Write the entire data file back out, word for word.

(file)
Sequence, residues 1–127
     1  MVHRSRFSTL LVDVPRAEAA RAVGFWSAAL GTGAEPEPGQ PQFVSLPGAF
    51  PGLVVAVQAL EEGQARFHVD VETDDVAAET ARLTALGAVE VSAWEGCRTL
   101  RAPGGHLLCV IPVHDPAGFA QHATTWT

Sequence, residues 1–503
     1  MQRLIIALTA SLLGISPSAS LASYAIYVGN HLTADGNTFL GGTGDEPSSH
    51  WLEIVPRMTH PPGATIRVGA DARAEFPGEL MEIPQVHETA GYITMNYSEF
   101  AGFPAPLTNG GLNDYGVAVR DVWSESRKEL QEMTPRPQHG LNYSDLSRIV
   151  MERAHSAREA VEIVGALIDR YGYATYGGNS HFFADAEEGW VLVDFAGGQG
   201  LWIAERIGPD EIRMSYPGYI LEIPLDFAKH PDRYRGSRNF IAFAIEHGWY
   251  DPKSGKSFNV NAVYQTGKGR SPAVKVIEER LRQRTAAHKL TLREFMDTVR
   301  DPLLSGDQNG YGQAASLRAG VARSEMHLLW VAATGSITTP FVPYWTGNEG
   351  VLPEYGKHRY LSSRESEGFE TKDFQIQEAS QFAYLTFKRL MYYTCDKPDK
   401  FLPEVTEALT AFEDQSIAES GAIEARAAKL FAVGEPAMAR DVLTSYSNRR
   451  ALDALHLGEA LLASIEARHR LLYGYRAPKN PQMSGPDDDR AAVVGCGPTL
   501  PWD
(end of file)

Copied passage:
Sequence, residues 1–127
     1  MVHRSRFSTL LVDVPRAEAA RAVGFWSAAL GTGAEPEPGQ PQFVSLPGAF
    51  PGLVVAVQAL EEGQARFHVD VETDDVAAET ARLTALGAVE VSAWEGCRTL
   101  RAPGGHLLCV IPVHDPAGFA QHATTWT

Sequence, residues 1–503
     1  MQRLIIALTA SLLGISPSAS LASYAIYVGN HLTADGNTFL GGTGDEPSSH
    51  WLEIVPRMTH PPGATIRVGA DARAEFPGEL MEIPQVHETA GYITMNYSEF
   101  AGFPAPLTNG GLNDYGVAVR DVWSESRKEL QEMTPRPQHG LNYSDLSRIV
   151  MERAHSAREA VEIVGALIDR YGYATYGGNS HFFADAEEGW VLVDFAGGQG
   201  LWIAERIGPD EIRMSYPGYI LEIPLDFAKH PDRYRGSRNF IAFAIEHGWY
   251  DPKSGKSFNV NAVYQTGKGR SPAVKVIEER LRQRTAAHKL TLREFMDTVR
   301  DPLLSGDQNG YGQAASLRAG VARSEMHLLW VAATGSITTP FVPYWTGNEG
   351  VLPEYGKHRY LSSRESEGFE TKDFQIQEAS QFAYLTFKRL MYYTCDKPDK
   401  FLPEVTEALT AFEDQSIAES GAIEARAAKL FAVGEPAMAR DVLTSYSNRR
   451  ALDALHLGEA LLASIEARHR LLYGYRAPKN PQMSGPDDDR AAVVGCGPTL
   501  PWD